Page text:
ZANU PF Kuwadzana Member of Parliament Betty Kaseke caused a stir in the National Assembly on Wednesday after she entered the august House while putting on a scarf with colours associated with the Zimbabwean flag.
There was commotion in the House when Kaseke entered the chamber, draped with the scarf popularised by President Emmerson Mnangagwa.
When she was about to take her seat, lawmakers from the opposition MDC protested, calling on the acting Speaker of the National Assembly, Reuben Marumahoko, to chuck her out of the assembly on account of wearing something that was outside the dress code accepted in Parliament.
Efforts by Marumahoko to cool down tempers failed as all opposition legislators demanded that the sergeant-at-arms take her out, arguing that they were previously chased away after they came to the House wearing multi-coloured fashion jackets with Zimbabwe flag colours.
Following pressure from the opposition, the sergeant-at-arms then escorted Kaseke out of the chambers.
Mnangagwa has made this scarf part of his fashion statement and a few of his followers have also been seen wearing it.
The fashion police are now hot on his trail and are seemingly incensed by the scarf which he wears even in high temperatures, worse still when he attends engagements that often require him to wear safety clothing.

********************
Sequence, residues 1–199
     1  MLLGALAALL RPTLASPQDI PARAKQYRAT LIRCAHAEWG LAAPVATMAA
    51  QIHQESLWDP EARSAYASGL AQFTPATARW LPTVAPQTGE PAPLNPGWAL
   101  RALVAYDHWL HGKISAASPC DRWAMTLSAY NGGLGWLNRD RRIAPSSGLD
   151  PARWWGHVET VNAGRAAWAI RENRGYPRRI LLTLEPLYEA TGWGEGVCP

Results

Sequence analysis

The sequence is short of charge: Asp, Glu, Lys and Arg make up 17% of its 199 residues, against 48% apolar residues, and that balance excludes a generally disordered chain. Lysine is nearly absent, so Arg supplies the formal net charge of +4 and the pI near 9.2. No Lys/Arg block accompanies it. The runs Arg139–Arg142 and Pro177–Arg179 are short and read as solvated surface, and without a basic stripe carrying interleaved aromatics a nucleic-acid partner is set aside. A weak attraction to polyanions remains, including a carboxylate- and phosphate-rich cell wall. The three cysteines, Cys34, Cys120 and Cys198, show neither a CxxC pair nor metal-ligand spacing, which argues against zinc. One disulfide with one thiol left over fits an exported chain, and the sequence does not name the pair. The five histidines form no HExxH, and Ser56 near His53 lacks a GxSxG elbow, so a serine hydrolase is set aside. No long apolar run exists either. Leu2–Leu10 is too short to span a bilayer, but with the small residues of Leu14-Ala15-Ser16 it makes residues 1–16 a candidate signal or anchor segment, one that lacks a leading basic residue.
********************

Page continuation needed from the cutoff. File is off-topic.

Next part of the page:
From the time he went to Davos for the World Economic Forum in January, the president has ‘‘not taken off the scarf’’, be it at party events or government engagements.
It has essentially become part of his fashion regimen.
While colours of a national flag unite citizens of particular countries, this national symbol became a source of consternation for former president Robert Mugabe’s regime when it became a rallying point for protests by Zimbabweans disenchanted with his rule.
The national flag became a protest symbol after it was popularised by cleric Evan Mawarire of #ThisFlag movement, which demanded Mugabe’s resignation, citing government’s failure to deal with corruption, nepotism and a serious economic meltdown.
Government responded by forbidding citizens from using the flag without the its permission, saying doing so was punishable by a fine of $200, a jail term of up to one year, or both.
Government cited an obscure law that makes it illegal to “burn, mutilate or otherwise insult the national flag
. . . in circumstances which are calculated or likely to show disrespect . . . or to bring [it] into disrepute.”
The law, however, says nothing at all about how the government defines “disrespect” or “disrepute,” leaving vast leeway to the powers-that-be to interpret these criteria.
In 2016, MDC Central South MP Trevor Saruwaka was refused entry into Parliament when he appeared wearing a multi-coloured fashion jacket with colours associated with the Zimbabwean flag.
After the incident, the legislator approached the High Court challenging his ejectment from National Assembly.
He argued in the High Court that his ejection from the august House was unlawful and an infringement of his right to freedom of conscience and religion. However, High Court judge Jester Charewa on behalf of Justice Lavender Makoni dismissed the matter with costs.